Our present experiences of particular suffering and problems have a specific connection with particular actions we performed in the past. This hidden connection is subtle and not easy to understand. We cannot see it with our eyes, but we can understand it through using our wisdom, and especially through relying upon Buddha’s teachings. (Geshe Kelsang Gyatso, Mahamudra Tantra: the Supreme Heart Jewel Nectarpp. 4-6, © 2005)

The perfect view that is arrived at through the powers of reasoning in Guide to the Middle Way and Commentary to Valid Cognition, which are victorious over the four types of being who, though they are proud to be counted among Buddhists, have fallen into the crevasse of inferior views, appears as the eight victory banners and other banners raised aloft for all to see. (p. 30)

(Please note: There are four schools of Buddhist tenets, which are four philosophical views taught by Buddha according to the inclinations and dispositions of disciples. They are the Vaibashika, Sautrantika, Chittamatra, and Madhyamika schools. The first two are Hinayana schools and the second two are Mahayana schools. They are studied in sequence, the lower tenets being the means by which the higher ones are understood. There are two divisions of the Madhyamika school, Madhyamika-Svatantrika and Madhyamika-Prasangika, of which the latter is Buddha’s final view.)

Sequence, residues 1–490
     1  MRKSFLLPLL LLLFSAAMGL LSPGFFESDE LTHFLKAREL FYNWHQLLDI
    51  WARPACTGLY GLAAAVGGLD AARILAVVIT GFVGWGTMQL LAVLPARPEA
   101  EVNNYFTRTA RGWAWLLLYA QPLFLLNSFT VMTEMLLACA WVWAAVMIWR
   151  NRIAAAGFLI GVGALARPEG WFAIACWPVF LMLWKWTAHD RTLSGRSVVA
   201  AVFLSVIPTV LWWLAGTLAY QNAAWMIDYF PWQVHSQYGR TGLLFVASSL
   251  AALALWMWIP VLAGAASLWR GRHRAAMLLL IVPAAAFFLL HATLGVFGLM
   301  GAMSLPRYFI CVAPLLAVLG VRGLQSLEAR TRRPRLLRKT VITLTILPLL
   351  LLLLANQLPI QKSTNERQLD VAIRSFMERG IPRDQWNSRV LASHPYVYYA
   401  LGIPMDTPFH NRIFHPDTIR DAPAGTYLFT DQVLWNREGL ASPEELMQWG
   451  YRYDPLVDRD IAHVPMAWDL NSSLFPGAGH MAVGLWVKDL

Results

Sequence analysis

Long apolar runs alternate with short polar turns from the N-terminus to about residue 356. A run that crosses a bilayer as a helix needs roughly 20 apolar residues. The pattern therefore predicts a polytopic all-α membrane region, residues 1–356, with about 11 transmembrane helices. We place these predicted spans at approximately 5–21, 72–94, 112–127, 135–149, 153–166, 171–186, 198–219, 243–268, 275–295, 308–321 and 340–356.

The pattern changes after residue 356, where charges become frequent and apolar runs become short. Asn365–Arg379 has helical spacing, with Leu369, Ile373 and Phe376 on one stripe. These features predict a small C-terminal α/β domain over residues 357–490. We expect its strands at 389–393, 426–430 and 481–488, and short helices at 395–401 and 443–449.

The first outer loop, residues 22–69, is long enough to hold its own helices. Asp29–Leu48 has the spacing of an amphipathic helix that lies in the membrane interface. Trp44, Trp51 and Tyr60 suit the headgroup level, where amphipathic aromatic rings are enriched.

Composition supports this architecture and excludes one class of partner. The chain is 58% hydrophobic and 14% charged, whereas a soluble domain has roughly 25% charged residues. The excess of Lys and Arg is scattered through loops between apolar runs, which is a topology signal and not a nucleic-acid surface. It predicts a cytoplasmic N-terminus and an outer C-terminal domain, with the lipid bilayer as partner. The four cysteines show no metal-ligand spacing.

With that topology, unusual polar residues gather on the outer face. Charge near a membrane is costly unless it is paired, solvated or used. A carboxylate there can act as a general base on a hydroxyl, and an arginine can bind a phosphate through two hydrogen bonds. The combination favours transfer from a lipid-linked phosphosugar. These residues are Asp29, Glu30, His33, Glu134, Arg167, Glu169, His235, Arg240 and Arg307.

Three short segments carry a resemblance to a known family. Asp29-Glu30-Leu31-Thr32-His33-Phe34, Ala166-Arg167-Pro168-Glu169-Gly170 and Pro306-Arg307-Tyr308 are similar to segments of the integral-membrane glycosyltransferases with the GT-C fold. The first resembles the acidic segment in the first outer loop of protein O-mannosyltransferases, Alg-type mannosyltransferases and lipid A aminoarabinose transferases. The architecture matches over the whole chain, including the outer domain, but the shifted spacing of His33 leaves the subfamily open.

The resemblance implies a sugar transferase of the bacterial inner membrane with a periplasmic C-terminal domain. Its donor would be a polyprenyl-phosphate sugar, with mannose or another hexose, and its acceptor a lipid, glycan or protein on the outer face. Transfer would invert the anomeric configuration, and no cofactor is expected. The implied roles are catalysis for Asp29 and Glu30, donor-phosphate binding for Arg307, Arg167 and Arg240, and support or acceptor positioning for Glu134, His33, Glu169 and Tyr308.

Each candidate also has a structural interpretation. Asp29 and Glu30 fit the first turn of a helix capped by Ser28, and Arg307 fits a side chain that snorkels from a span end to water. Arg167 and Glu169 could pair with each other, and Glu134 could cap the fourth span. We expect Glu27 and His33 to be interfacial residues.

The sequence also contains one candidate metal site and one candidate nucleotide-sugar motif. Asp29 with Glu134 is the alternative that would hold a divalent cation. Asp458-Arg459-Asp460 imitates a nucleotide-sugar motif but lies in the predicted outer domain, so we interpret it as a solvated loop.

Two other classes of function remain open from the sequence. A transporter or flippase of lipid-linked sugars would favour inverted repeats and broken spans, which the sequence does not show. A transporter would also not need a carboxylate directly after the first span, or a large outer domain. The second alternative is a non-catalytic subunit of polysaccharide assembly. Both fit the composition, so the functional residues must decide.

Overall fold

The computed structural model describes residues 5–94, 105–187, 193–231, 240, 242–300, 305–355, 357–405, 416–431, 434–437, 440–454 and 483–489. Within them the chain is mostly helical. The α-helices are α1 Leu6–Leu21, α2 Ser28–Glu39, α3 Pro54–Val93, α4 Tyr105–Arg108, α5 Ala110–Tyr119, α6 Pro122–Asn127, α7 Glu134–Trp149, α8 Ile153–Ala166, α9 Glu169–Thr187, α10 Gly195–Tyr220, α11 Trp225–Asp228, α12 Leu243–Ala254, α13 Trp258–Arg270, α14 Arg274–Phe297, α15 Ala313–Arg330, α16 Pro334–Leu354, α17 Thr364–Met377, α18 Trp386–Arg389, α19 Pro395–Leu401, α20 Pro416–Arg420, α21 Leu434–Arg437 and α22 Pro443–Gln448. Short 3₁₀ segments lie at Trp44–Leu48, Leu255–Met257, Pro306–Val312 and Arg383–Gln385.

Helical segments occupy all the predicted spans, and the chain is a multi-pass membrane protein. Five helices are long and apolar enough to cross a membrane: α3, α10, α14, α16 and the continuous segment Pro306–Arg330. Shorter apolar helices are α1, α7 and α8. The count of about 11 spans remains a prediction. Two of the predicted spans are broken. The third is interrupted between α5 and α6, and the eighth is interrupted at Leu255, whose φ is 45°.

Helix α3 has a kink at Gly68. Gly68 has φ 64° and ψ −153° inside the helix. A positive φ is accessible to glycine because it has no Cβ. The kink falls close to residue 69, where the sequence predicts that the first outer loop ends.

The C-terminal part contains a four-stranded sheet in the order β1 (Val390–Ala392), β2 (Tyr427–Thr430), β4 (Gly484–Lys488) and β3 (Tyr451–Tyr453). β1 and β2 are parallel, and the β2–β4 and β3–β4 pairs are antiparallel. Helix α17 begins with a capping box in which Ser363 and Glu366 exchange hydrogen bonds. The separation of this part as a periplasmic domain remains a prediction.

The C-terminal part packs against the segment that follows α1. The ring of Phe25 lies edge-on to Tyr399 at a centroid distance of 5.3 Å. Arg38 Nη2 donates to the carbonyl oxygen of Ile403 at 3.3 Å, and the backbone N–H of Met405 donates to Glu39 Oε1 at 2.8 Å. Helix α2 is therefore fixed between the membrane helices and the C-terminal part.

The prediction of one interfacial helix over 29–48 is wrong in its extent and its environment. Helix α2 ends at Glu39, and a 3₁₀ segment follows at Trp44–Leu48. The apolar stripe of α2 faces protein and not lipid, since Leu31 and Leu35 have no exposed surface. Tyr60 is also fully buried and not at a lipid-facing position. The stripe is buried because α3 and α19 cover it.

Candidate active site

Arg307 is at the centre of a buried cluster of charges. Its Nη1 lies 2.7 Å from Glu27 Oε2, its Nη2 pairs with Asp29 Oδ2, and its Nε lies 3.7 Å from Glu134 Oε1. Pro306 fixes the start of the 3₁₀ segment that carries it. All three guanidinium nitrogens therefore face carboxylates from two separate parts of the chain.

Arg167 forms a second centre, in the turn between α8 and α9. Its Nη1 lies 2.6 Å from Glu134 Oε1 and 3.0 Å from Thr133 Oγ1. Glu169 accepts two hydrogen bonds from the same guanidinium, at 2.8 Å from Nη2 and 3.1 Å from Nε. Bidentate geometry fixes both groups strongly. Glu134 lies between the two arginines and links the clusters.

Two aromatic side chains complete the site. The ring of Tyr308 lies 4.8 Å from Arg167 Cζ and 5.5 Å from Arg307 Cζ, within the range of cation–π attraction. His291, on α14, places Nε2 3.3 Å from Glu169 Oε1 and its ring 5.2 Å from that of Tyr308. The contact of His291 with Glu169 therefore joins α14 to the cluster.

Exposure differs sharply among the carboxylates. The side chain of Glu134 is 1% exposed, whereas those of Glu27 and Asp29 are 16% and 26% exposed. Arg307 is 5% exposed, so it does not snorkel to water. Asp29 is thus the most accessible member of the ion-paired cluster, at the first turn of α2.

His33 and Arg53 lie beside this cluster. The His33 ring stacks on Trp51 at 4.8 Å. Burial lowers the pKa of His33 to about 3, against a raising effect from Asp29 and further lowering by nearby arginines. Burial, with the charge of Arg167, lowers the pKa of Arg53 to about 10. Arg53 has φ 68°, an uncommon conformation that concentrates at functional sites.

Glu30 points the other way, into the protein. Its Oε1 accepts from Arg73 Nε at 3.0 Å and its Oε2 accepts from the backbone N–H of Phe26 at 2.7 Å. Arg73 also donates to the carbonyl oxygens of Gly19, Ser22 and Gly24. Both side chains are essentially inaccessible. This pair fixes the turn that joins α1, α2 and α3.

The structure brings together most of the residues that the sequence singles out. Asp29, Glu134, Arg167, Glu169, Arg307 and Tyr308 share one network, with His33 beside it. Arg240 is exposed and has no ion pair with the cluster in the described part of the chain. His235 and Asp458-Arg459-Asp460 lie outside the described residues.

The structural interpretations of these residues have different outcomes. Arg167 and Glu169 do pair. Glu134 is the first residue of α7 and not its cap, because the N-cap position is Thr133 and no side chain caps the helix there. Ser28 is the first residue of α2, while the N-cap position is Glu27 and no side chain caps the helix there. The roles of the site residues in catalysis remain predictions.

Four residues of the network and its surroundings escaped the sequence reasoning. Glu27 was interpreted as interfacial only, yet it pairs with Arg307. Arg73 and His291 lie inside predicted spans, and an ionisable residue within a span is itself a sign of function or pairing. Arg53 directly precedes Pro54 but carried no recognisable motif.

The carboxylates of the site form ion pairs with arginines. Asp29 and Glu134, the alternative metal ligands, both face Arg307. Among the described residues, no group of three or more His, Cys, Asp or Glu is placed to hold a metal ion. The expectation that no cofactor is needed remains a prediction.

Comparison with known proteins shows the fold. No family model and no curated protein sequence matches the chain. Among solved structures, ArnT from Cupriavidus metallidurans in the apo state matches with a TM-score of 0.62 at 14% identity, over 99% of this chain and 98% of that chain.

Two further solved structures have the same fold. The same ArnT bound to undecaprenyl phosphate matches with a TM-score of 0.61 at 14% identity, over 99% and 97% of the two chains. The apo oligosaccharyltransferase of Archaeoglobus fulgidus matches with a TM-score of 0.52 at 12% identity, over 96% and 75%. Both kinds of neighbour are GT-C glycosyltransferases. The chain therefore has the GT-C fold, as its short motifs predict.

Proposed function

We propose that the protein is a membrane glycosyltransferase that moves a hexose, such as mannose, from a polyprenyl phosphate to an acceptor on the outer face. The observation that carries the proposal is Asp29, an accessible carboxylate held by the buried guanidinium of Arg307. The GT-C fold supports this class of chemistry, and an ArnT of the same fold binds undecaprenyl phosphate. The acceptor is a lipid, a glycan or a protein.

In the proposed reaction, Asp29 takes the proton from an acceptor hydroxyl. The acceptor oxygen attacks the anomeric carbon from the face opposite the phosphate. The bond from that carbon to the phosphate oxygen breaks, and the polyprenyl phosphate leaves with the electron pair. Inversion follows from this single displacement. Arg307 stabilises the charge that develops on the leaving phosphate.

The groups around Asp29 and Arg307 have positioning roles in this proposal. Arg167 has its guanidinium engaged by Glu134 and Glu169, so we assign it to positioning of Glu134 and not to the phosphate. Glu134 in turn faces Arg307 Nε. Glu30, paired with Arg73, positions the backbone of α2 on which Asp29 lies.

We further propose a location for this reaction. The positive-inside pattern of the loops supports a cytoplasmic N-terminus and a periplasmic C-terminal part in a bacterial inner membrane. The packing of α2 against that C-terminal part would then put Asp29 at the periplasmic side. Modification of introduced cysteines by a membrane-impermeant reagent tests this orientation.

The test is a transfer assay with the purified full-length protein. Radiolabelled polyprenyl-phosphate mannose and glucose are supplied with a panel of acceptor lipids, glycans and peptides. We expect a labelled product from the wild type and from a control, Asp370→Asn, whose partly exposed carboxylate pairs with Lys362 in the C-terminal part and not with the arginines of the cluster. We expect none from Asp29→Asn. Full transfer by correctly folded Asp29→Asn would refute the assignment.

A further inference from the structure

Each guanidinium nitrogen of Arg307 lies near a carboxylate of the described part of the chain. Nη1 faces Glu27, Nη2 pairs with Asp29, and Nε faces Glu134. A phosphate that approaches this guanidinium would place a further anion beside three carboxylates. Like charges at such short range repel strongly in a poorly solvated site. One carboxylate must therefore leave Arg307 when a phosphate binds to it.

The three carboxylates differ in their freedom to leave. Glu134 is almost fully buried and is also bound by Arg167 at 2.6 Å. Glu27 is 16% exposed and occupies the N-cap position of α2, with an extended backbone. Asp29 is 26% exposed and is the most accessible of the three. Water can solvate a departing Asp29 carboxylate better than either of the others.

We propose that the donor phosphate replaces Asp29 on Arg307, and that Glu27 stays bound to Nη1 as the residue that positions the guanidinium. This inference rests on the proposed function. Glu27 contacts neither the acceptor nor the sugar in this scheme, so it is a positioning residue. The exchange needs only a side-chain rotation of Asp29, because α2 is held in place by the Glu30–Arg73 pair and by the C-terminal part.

We may wonder what is the purpose of all these arguments between the different schools: the Hinayana schools, the Chittamatrins and the Prasangikas. There are two main purposes: firstly to recognize that it is only the ultimate view of the Prasangikas that is able to cut the root of samsara, and secondly to refute the other views that contradict this view and thus hinder us from recognizing it. However if the only correct view is that of the Prasangikas, why did Buddha not teach it alone? Why did he teach all the other views as well?

Teaching four different schools of tenets clearly illustrates Buddha’s skilful means. A wise doctor will never simply prescribe the same medicine for all his or her patients. He will treat them according to their individual complaints. Similarly, in turning the different Wheels of Dharma, Buddha was teaching in accordance with the different capacities and inclinations of his various disciples. Just as a doctor needs to cure each of his patients according to a specific course of treatment, so the Buddhas guide sentient beings to enlightenment in a manner that is suitable to their individual dispositions. Otherwise, if they taught only one view, the Prasangika view, this would be like a doctor giving all his patients the same medicine.

Buddha Shakyamuni’s intention is gradually to lead all his disciples to the highest viewpoint of the Prasangikas, and to do this he first taught the views of the Vaibhashikas, the Sautrantikas, the Chittamatrins and the Svatantrikas. These systems are like rungs in a ladder that progressively ascend to the Prasangika view. This is the reason why Buddha taught these different systems, although his ultimate intention is the Prasangika view. Therefore, if we wish to attain perfect enlightenment it is necessary to study and meditate on this view sincerely. (Geshe Kelsang Gyatso, Meaningful to Behold: Becoming a Friend of the Worldp. 401, © 1980, 1986, 1989, 1994, 2007)